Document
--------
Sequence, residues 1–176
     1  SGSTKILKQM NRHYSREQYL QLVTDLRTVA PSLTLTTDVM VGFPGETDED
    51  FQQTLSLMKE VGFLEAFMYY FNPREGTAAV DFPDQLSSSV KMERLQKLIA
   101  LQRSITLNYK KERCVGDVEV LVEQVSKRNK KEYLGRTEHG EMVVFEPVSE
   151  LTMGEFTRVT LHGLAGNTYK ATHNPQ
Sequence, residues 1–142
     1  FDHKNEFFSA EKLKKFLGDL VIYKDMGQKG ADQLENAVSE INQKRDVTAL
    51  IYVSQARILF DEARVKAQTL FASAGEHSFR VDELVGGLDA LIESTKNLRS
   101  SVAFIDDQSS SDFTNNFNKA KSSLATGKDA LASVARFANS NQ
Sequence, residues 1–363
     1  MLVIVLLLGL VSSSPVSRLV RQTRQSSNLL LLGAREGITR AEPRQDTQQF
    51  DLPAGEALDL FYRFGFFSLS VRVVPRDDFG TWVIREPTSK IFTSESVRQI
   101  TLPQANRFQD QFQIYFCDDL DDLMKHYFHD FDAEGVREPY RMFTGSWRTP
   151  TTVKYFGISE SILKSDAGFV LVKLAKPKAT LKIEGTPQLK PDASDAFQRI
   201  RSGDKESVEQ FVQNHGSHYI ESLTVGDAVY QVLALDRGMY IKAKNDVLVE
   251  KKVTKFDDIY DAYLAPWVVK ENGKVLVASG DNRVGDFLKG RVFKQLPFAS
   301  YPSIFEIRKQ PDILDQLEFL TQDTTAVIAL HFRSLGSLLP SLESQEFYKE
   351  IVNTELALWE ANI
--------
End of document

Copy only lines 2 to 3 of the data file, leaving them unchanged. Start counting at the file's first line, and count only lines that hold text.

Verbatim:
     1  SGSTKILKQM NRHYSREQYL QLVTDLRTVA PSLTLTTDVM VGFPGETDED
    51  FQQTLSLMKE VGFLEAFMYY FNPREGTAAV DFPDQLSSSV KMERLQKLIA